Yaks are found mainly in high, cold mountainous areas
The American magazine Time has recommended the little-known sport of yak skiing in India as one of the 10 best ways in Asia to relax the mind.
The magazine's Asian edition says this "implausible extreme sport" involves going at rocket speed uphill attached by rope to a yak charging downhill.
The skier attracts the yak from up high by shaking a bucket of nuts, which must be put down fast before the fun begins.
"The sport may be a barmy injunction to even barmier tourists," Time says.
According to the article, yak skiing is carried out in the Indian hill resort of Manali, where it is run by a Tibetan man, Peter Dorje.
It says that in winter, he takes up to five skiers and his herd of yaks to the hills above town, making an overnight camp.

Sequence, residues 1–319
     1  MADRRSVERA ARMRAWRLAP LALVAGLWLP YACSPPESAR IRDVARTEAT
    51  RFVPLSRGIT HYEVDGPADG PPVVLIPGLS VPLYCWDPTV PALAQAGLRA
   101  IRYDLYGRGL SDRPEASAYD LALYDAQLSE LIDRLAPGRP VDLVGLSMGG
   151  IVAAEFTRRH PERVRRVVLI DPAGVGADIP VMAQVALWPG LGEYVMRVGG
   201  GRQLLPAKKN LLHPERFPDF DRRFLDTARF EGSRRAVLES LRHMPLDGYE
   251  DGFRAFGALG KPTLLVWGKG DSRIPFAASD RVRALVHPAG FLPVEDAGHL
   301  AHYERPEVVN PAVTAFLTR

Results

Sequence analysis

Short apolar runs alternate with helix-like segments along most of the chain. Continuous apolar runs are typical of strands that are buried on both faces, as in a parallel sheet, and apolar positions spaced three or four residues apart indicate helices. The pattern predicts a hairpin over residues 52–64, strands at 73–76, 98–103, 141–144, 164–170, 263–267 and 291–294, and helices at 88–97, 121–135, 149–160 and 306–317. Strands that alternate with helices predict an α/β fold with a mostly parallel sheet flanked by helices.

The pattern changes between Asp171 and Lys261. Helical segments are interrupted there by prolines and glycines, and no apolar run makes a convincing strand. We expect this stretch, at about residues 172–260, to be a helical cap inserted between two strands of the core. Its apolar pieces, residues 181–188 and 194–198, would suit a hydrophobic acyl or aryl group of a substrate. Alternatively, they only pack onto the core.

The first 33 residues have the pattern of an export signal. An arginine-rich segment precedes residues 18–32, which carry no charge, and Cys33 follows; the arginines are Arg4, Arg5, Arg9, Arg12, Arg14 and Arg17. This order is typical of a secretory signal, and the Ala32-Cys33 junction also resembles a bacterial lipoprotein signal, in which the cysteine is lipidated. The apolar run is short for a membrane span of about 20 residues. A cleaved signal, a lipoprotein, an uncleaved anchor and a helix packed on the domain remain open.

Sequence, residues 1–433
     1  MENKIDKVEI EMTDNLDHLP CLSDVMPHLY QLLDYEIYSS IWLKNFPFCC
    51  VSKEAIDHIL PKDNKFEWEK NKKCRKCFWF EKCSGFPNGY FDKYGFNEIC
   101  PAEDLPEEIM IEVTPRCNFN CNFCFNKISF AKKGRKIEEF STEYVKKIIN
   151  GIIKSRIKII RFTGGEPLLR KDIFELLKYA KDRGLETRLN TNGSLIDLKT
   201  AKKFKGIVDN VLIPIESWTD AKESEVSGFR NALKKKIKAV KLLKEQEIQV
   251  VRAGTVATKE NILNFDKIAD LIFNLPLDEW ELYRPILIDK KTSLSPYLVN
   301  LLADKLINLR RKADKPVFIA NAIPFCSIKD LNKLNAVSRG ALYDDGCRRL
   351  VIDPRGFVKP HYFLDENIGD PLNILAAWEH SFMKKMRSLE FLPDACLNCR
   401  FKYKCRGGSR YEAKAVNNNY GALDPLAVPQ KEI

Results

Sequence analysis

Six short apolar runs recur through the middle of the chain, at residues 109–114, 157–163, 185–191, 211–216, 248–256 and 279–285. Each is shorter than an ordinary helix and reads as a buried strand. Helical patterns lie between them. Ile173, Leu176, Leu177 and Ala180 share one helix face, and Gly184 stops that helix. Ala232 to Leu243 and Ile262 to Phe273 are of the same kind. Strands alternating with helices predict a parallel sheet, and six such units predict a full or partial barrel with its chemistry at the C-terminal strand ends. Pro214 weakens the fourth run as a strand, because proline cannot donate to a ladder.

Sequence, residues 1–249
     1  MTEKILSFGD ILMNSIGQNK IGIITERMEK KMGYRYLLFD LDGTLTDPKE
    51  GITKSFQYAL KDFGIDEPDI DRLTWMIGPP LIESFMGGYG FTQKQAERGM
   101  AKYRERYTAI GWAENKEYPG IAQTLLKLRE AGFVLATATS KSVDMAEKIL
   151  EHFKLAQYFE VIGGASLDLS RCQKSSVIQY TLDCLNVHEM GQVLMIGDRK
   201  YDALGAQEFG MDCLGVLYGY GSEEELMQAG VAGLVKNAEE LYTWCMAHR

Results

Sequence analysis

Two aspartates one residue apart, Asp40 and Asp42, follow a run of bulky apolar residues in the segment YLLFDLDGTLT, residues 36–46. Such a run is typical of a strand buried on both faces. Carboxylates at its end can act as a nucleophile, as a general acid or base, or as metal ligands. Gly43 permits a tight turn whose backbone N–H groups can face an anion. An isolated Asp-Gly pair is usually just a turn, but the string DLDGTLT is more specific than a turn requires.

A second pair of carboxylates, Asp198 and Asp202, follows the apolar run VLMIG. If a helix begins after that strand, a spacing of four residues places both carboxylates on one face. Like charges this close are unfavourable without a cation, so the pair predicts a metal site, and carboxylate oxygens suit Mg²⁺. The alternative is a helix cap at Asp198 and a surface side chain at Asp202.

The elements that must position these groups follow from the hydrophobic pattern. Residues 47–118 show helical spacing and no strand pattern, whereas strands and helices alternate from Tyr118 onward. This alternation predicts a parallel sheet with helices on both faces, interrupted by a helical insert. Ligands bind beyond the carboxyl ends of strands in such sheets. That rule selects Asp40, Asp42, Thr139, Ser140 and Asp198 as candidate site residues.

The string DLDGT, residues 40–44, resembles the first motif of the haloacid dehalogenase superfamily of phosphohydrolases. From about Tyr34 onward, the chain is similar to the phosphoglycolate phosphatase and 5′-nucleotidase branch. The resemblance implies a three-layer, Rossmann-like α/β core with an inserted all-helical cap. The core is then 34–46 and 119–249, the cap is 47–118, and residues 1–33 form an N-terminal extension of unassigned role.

In the morning, Mr Dorje heads to a high slope with his beasts, trailing out a rope behind him.
The yak skier waits nervously below, wearing skis and holding a bucket of pony nuts.
When Mr Dorje reaches the top, he ties a large pulley to a tree, loops the rope through it and attaches the cord to a stamping, snorting yak.
Then it is all down to the skier, who is tied to the other end of the rope.
They shake the bucket of nuts to attract the yak - and put it down fast as the beast charges down the mountain, pulling the skier upwards at terrifying speed.
"If you forget yourself in the excitement and shake the bucket too soon, you'll be flattened by two hairy tons of behemoth," the magazine says.
Mr Dorje's advice is: "Never shake the bucket of nuts before you're tied to the yak rope."
The magazine says it whole-heartedly recommends yak skiing in its annual guide to the finest tourist facilities of Asia.